The biggest problem found was on the SCA attach point on the orbiter – known as the arrowhead fitting – which was corroded and in need of a repair.
“Cleanup of arrowhead fitting (fwd SCA attach point) continues. Substantial corrosion present. This is the worst we have seen so far. NDE will follow cleanup. LH elevon cove detailed inspection in work. Multiple fasteners had to be drilled out of outboard flipper door. Rework will be required,” added the status update, followed by an update in the Standup report.
“On the OV-101 inspection, the team is making good progress. Most of the vehicle looks to be in good shape. Did find substantial corrosion around the arrowhead fitting that will have to be reworked. Also, there is an area in the LH elevon where it will need some new work.”
As all the other areas of the vehicle were checked – mainly showing the craft was in a reasonably good condition considering her age, bar some minor corrosion – engineers worked on a procedure to repair the arrowhead fitting.
“NDE of arrowhead fitting complete. We were unable to perform eddy current inspection of barrel nut holes (4 locations). Barrel nut holes on OV101 are smaller than on the rest of the fleet. We will require a custom probe to perform this inspection. We will have to evaluate as part of phase II work.
“Continue to clean arrowhead corrosion. Dental molds of pitting to follow, ahead of entire area being chemfilmed to prevent further corrosion.”
A final sweep of the remaining areas of the vehicle then followed, as some of the hardware was removed for repair at the Kennedy Space Center, while the areas of greatest concern were checked via borescope inspections.
“Borsescope inspection of fwd fuselage under crew module complete. Substantial corrosion in this area,” engineers noted on the greatest area of concern. “RH wing leading edge inspection complete. Minor hardware discrepancies noted. Corrosion documented in 1996 was revisited and shows no signs of change.
“LH leading edge hardware discrepancies corrected and carrier panels reinstalled. Consider this area closed out. Corrosion protection of aft, wings, and body flap cove complete. All foam repairs complete. Repainted main landing gear struts (areas stripped for suspect weld investigation). Repainted Smithsonian jacks (areas stripped for critical weld inspection). Removed jacks from under Orbiter.
“LH wing/glove closed out. RH glove closed out. Unable to close out RH wing due to lack of fasteners. Temporarily installed elevon flipper doors, body flap panels, 50-X doors, 44 door, and 27 doors. Doors temporarily installed as areas will have to be accessed for future work.
“Additional borescope inspections performed under crew module through various access points. Worst care corrosion was that found Tuesday. External penetration assessment complete. Multiple panel installations will have to be reworked as part of future work.”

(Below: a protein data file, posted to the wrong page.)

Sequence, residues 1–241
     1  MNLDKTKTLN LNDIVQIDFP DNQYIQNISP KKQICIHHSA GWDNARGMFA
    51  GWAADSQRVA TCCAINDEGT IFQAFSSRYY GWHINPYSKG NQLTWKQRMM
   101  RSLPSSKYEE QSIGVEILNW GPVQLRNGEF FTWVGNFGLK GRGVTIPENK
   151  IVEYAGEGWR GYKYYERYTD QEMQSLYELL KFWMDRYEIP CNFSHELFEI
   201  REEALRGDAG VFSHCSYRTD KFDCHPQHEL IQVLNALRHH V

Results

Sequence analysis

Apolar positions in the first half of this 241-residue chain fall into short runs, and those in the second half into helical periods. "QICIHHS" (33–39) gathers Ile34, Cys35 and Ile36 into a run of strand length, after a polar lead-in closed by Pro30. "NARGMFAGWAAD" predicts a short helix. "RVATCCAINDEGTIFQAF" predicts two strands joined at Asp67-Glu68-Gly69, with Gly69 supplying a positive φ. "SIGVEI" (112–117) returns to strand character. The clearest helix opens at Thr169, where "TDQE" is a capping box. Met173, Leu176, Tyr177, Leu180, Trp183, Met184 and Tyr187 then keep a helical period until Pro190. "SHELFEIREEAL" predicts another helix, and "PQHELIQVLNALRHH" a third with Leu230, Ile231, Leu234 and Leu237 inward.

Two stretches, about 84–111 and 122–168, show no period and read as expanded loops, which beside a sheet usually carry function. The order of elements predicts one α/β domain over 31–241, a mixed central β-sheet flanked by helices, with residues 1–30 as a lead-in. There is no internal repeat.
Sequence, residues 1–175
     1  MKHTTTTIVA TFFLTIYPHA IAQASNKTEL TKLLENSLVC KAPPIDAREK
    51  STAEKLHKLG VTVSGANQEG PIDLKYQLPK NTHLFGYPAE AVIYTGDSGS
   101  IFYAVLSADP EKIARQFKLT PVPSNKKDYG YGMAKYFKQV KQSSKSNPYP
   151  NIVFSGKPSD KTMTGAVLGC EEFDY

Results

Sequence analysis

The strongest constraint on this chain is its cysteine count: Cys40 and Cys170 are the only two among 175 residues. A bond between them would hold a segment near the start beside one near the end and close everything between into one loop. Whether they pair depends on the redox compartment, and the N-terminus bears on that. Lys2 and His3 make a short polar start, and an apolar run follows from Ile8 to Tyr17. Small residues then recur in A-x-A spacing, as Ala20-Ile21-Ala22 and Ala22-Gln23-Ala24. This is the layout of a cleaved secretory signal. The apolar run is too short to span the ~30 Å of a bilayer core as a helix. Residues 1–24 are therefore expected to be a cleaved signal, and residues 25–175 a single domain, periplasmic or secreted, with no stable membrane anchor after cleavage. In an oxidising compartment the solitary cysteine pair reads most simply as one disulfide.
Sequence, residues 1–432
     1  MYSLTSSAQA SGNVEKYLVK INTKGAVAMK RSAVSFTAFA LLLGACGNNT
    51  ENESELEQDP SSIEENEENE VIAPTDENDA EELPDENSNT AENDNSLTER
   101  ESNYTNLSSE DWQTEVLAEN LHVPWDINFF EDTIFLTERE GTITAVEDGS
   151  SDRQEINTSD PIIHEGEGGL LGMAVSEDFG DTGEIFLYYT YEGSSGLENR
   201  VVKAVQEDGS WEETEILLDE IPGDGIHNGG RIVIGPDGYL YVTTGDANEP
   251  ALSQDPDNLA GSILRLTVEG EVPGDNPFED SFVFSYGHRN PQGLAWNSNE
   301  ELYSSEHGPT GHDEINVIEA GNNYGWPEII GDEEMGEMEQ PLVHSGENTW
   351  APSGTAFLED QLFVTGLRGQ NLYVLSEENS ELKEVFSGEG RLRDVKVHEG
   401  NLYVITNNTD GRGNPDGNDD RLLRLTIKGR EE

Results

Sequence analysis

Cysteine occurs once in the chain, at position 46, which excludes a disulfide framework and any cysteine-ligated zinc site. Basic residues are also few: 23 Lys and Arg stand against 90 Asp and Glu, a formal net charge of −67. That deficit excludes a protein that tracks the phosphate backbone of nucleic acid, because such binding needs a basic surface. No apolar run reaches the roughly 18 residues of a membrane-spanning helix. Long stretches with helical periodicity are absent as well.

Final evaluation work last week related to the landing gear, which may be required for the towing of the vehicle out of the exhibition to a waiting transport to where the SCA would be waiting to ferry her to another location – although the forward plan has not yet been finalized.
“Cursory rigging checks of landing gear completed. All three gear uplocks were manually cycled and all hardstop contacts were verified. Several measurements were taken and will be checked against like measurements on flight vehicles as a sanity check,” added the report.
“RMG (Right Main Gear) uplock was ‘stiff’ and there appeared to be some misalignment in the up position hardstop. This will require further evaluation. The RMG fwd door hook was also installed backwards. We corrected this problem. NLG (Nose Landing Gear) door booster bungee will required further evaluation as well. It is designed differently than flight orbiters and did not function as expected.”
With the engineers completing their work – and due to arrive back at the Kennedy Space Center this week – the final note pointed towards Enterprise having no show stoppers for a ferry flight, should that option be taken.
“All of our inspection objectives were met. Overall, the vehicle is in good condition,” noted the team leader. “I want to make sure everyone understands when we have used the words ‘substantial corrosion’ that this means we suspect some form of corrective action will be required. The detected areas of “substantial corrosion” were few.
“My personal opinion is that they will not be show stoppers.”
Photos taken from hi-res collection in L2 Historical (over 900gbs of photos, presentations and videos from 1950s onwards), additional NASM photos and videos of Enterprise’s evaluations thanks to Ron Smith.
L2 members : Documentation – from which the above article has quoted snippets – is available in full in the related L2 sections, now over 4500 gbs in size